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Miami Criminal Law Blog

Supreme Court Sides with Defendant Who Was Given Incorrect Information

A new Supreme court case gives hope for prisoners and individuals convicted of crimes where they have received incorrect information in some instances - In Lee v. United States 582 US ___ (2017) the court held that:

When a defendant claims that his counsel's deficient performance deprived him of a trial by causing him to accept a plea, the defendant can show prejudice by demonstrating a "reasonable probability that, but for counsel's errors, he would not have pleaded guilty and would have insisted on going to trial." Hill v. Lockhart, 474 U. S. 52.

Florida is Toughest on Charging Juvenile Offenders as Adults

When it comes to charging youth offenders as adults, Florida ranks at the top in the nation. From 2003-2008, Florida transferred juveniles into the adult system two times the amount that the state with the second highest amount of youths charged as adults transferred them into the adult courts. From 2008-2012, over 12,000 Florida children were transferred into the adult criminal justice system. Some may argue that this is because the punishments in the juvenile system for youth offenders are not nearly tough enough, and many offenders under the age of 18 who commit violent crimes deserve a harsher sentence through the adult courts. Others argue that you cannot charge juveniles as adults due to differences in brain development, and the stark reality that many youth offenders who go into the adult system are more often abused and have higher recidivism rates.

What Happens After You're Arrested and How I Choose an Attorney

Preface

Before we get into what happens after you're arrested, let's briefly talk about before the main event. I often get calls from people who say "I just got a call from Detective _____, who wants me to come down to the station and speak with him to get my side of the story. I've already made the appointment, I'm going down at 3:00 P.M. today, I figured I'd give you a call before then to see what you think."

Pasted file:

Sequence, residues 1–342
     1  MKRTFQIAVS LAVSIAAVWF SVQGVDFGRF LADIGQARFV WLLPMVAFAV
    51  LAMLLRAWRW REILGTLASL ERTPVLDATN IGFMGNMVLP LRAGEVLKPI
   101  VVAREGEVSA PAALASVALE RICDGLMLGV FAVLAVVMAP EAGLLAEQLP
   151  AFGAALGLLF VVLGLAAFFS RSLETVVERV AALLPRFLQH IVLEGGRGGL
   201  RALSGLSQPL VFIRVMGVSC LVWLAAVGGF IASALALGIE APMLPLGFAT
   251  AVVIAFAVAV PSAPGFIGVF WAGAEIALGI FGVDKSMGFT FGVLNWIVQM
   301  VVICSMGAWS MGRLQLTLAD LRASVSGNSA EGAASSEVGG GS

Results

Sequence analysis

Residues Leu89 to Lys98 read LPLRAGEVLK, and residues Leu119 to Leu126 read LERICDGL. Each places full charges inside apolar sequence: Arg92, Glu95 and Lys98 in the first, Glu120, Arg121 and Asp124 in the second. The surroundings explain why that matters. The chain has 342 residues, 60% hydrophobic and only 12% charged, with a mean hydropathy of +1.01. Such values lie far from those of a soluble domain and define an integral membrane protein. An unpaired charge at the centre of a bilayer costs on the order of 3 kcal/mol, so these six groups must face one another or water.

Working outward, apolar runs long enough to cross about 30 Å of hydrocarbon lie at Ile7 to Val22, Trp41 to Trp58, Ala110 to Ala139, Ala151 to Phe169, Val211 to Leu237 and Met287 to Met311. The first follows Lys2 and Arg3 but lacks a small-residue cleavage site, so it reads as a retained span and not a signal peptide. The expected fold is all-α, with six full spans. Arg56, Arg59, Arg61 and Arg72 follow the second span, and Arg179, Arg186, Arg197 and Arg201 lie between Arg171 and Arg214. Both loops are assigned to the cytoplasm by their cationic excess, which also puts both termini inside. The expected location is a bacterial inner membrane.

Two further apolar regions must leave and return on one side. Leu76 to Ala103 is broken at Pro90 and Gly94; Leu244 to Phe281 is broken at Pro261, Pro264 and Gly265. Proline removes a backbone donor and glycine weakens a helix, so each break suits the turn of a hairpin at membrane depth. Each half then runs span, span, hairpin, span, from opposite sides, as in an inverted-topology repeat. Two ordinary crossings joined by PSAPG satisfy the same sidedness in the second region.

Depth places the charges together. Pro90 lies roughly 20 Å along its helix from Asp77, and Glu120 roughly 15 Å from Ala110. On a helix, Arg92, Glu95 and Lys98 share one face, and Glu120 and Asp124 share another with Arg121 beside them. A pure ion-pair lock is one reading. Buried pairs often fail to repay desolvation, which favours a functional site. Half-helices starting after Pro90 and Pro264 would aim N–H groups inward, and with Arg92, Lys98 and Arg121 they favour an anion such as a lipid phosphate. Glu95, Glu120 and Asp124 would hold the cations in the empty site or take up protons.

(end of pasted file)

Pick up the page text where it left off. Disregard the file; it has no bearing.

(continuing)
Does the Fifth Amendment Apply to Cell Phone Passcodes?

We've all heard the defense, "I plead the fifth!" But what exactly does the Fifth Amendment in the U.S. Constitution mean for the accused? The statement of "pleading the fifth" simply means that someone accused of a crime has a right to not self-incriminate by saying something that could be used against them in a court of law. In other words, the U.S. Bill of Rights protects individuals from being compelled to be witnesses against themselves. Usually, this means that if you are arrested, you do not have to say anything to law enforcement regarding your involvement in the crime, and you will not be required to testify on the stand at your own trial. However, with modern technology such as smart phones containing so much personal information these days, how are the courts handling the possibility that a defendant's iPhone, locked by personal passcode, may contain information that could incriminate him/her?

You're Being Watched: Virtual Policing

With every new technology, whether we wear it, watch it, or use it to make our life more convenient, we may be giving valuable information about ourselves to others. Many fear that we are losing our rights to privacy, while others say that we should trade some privacy for safety. Whichever side of the argument you are on, the fact of the matter is that more and more people have access to some of our most private moments, including access by those in law enforcement.